Optimizing flowmeter selection

Using a best-in-class flowmeter selection methodology can help users avoid surprises and reduce lifecycle costs by identifying the optimal flowmeter for virtually any flow application.

By Brian Fretschel and Amy K. Johnson, Emerson Process Management December 13, 2012

With countless flow measuring instruments currently available, making an optimal flowmeter choice is often a daunting task. Users have traditionally based their flowmeter selection decision on price and published product specifications.

However, users have also discovered that:

  • Flowmeter selection decisions based on the lowest price often result in the highest installed cost
  • Selecting the highest accuracy meter based on product specifications often results in the least measurement accuracy in actual applications
  • Relying on a comparison of published product specifications alone may actually result in costly process downtime.  

After experiencing some of the risks in using these outdated selection techniques, many users are seeking a best-in-class approach to flowmeter selection that can consistently produce optimal decisions. To avoid surprises and reduce project risks, a systematic repeatable approach based on best-in-class methodology is required to identify the optimal flowmeter selection in virtually any flow application. 

Measuring flow

Flow measurement is simply a quantification of an amount of fluid or gas passing through a channel medium such as a pipe or a duct. A flowmeter is a measuring instrument used to quantify the flow rate of the fluid passing through the channel. Flow is typically quantified as a volumetric flow rate (e.g., gal/min) or as mass flow rate (e.g., lb/hr).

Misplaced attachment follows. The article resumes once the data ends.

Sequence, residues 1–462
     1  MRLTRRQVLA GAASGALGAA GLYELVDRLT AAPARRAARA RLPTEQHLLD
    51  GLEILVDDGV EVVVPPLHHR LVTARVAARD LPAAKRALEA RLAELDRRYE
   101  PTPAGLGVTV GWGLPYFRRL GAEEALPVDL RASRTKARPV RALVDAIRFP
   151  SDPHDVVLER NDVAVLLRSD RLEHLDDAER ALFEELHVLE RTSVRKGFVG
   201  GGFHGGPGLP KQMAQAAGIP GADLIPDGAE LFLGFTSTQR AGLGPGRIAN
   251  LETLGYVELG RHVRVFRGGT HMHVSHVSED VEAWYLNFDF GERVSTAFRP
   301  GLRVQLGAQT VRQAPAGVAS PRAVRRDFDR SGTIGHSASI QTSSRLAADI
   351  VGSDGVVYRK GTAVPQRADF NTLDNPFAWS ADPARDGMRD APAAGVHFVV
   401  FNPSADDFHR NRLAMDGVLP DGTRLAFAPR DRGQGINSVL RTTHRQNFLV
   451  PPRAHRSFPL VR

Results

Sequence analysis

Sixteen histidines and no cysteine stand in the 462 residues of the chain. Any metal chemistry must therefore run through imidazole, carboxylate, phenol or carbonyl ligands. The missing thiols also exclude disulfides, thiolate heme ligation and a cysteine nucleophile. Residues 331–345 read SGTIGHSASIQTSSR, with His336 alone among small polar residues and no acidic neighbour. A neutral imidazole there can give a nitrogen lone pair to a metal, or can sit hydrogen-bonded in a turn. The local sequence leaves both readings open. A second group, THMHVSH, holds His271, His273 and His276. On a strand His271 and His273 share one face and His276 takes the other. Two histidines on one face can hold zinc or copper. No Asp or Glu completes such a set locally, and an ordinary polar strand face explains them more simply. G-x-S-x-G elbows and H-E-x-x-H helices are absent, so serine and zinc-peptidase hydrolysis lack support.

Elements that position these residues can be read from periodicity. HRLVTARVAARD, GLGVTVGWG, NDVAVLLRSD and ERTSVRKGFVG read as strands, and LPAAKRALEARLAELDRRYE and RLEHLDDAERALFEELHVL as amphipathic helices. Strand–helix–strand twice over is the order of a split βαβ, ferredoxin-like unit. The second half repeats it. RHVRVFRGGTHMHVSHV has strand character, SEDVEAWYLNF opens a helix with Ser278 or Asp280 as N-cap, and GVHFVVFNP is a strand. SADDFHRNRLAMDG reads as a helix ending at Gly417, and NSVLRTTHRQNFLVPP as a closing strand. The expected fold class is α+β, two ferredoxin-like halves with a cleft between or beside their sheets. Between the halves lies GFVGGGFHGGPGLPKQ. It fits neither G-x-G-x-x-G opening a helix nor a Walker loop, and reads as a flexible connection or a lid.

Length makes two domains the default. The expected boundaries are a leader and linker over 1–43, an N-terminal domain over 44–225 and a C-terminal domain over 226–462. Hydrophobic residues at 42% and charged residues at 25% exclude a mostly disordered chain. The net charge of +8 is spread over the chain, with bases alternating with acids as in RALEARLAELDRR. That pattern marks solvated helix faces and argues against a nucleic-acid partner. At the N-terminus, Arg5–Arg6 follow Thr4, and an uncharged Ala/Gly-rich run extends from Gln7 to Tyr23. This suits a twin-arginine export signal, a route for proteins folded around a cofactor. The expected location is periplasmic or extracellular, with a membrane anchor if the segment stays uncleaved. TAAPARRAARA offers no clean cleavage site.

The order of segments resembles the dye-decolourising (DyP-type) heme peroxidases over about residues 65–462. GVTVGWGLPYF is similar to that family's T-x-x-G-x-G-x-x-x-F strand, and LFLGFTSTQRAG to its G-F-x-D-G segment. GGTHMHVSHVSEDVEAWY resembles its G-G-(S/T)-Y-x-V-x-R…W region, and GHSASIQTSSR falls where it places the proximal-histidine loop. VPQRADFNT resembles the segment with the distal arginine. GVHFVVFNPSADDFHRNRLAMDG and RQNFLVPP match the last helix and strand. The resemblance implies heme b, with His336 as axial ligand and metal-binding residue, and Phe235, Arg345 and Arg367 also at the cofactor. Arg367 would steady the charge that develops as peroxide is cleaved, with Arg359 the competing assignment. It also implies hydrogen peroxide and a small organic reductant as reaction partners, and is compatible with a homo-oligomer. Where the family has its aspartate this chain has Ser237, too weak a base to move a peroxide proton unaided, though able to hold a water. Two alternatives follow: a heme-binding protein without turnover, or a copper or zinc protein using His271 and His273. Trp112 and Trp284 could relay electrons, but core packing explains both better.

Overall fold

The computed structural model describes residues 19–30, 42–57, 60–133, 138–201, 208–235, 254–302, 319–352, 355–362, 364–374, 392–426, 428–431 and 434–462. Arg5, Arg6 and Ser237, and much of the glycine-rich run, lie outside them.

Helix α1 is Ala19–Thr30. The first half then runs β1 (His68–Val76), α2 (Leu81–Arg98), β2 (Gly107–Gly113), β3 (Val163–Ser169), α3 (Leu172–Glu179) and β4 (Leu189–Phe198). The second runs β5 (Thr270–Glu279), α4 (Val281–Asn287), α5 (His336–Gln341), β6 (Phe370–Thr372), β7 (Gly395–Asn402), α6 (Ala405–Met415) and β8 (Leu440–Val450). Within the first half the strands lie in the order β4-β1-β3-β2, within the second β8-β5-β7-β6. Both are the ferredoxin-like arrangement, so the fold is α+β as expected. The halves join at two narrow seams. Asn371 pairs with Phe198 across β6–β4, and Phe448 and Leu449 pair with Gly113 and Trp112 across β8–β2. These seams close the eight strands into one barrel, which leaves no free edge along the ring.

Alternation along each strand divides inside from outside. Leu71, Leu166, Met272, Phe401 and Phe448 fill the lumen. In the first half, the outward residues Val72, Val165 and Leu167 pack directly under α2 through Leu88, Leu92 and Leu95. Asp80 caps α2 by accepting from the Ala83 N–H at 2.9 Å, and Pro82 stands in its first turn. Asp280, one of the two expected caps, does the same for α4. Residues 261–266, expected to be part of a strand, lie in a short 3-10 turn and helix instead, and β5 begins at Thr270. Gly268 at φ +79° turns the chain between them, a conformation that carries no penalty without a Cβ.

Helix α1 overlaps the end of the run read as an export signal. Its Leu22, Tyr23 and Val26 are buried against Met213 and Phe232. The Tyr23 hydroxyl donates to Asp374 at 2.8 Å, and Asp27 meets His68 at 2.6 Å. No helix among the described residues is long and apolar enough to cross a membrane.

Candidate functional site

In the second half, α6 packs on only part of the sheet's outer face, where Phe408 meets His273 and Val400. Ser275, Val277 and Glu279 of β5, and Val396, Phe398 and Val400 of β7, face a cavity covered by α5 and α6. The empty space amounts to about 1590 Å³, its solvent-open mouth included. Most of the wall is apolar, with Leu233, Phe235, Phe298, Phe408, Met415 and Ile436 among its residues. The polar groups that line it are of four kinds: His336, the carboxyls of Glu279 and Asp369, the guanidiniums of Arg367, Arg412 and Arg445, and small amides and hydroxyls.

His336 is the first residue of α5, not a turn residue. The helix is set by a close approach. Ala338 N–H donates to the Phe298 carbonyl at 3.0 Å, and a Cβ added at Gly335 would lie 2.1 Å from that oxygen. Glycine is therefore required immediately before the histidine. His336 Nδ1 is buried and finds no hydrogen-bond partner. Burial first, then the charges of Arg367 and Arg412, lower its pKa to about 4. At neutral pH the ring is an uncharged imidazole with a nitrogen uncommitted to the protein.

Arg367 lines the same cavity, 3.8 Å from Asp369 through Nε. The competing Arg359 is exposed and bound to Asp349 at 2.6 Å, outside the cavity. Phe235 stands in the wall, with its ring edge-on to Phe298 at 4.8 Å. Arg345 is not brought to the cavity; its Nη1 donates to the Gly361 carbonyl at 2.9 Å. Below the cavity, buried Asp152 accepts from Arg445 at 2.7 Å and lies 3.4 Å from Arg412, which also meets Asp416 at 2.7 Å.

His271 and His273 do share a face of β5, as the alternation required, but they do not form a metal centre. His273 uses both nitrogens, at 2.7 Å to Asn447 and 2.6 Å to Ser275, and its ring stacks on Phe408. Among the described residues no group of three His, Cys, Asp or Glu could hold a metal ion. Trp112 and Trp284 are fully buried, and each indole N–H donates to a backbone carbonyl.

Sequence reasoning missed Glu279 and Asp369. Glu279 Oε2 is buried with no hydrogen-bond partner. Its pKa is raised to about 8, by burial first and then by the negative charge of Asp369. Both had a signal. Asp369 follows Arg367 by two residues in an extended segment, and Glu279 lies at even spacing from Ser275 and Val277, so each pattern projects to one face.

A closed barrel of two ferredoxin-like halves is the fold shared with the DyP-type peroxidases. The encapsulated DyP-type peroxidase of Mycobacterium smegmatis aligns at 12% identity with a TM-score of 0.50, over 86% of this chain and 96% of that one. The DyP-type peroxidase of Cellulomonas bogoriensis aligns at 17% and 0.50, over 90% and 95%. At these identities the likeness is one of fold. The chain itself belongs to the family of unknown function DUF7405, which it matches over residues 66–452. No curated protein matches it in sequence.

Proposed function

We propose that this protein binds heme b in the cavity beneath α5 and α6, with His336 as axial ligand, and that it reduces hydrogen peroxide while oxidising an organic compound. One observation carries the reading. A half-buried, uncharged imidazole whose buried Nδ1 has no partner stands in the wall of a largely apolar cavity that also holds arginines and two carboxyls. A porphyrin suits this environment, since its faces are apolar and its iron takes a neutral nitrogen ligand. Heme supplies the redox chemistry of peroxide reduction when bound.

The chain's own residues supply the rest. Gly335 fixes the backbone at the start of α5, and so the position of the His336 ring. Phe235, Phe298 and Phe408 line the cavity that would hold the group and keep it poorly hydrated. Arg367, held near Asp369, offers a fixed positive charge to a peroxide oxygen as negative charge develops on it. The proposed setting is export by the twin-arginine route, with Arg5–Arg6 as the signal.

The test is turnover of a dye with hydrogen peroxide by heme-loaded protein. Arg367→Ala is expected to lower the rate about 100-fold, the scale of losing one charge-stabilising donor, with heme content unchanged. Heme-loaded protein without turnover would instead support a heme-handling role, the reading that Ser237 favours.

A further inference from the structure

In a manufacturing environment, fluid flow measurement is often considered essential to operate a process plant that manufactures a product from raw materials or adds value to a product. The demand for more accurate flow measurement instruments is often driven by business demands or environmental restrictions, such as a need for tighter process controls leading to reduced emissions and increased efficiency. 

Flowmeter types

Sensing a pressure loss to measure flow has been used for centuries. Over the years, better understanding of natural flow phenomenon such as vortex shedding, Coriolis effect, Doppler effect, and discoveries of principles such as electromagnetic induction have contributed to the development of additional flow sensing technologies and flowmeter products. 

Currently, the following types of flow sensing technologies are widely used in various flowmeter devices available on the market:

  • Differential pressure (DP) includes orifices, venturi tubes, flow nozzles, pitot tubes, averaging pitot tubes, and V-cone
  • Positive displacement includes reciprocating piston, oval gear, nutating disk, rotary vane, and diaphragm
  • Coriolis (or mass flow)
  • Electromagnetic
  • Thermal dispersion
  • Ultrasonic
  • Vortex
  • Turbine. 

Many of the flow measurement instruments installed today are based on DP-sensing technologies. In the soon to be released ARC Advisory Group “Flowmeter Worldwide Market Outlook” report, analyst Lauren Clement estimates that differential pressure transmitters still account for nearly half of all flow measurement transmitters shipped each year. The improvements in measurement range, accuracy, repeatability, and the ability to make multiple measurements, provided by intelligent multivariable pressure transmitters have added new life to this mature but obviously still viable technology (see Figure 1). 

Traditional flowmeter selection

Making the best flowmeter choice for a particular application is challenging for many users because the current proliferation of flow measuring instruments seems to be endless. Some users prepare large spreadsheets filled with selection criteria to evaluate potential flowmeters—many of which may not be relevant to the user’s current flowmeter application. Consequently, having too many choices and too little expertise in understanding the flow application or flowmeter capabilities often leads to a poor selection. 

Many users may be generally aware that a particular flowmeter or a flow sensing technology may be best suited for measuring fluid flows that exhibit certain matching flow characteristics. For example, a Coriolis type mass flowmeter may be an ideal choice for meeting requirements of a custody transfer application that requires high accuracy, magnetic flowmeters are not suitable for measuring flow of nonconducting fluids commonly found in hydrocarbon processing industries, and DP-based flowmeters may not be suitable to measure laminar flows. However, users may not have the experience or willingness to acquire the knowledge to consider relevant factors that can affect flowmeter selection.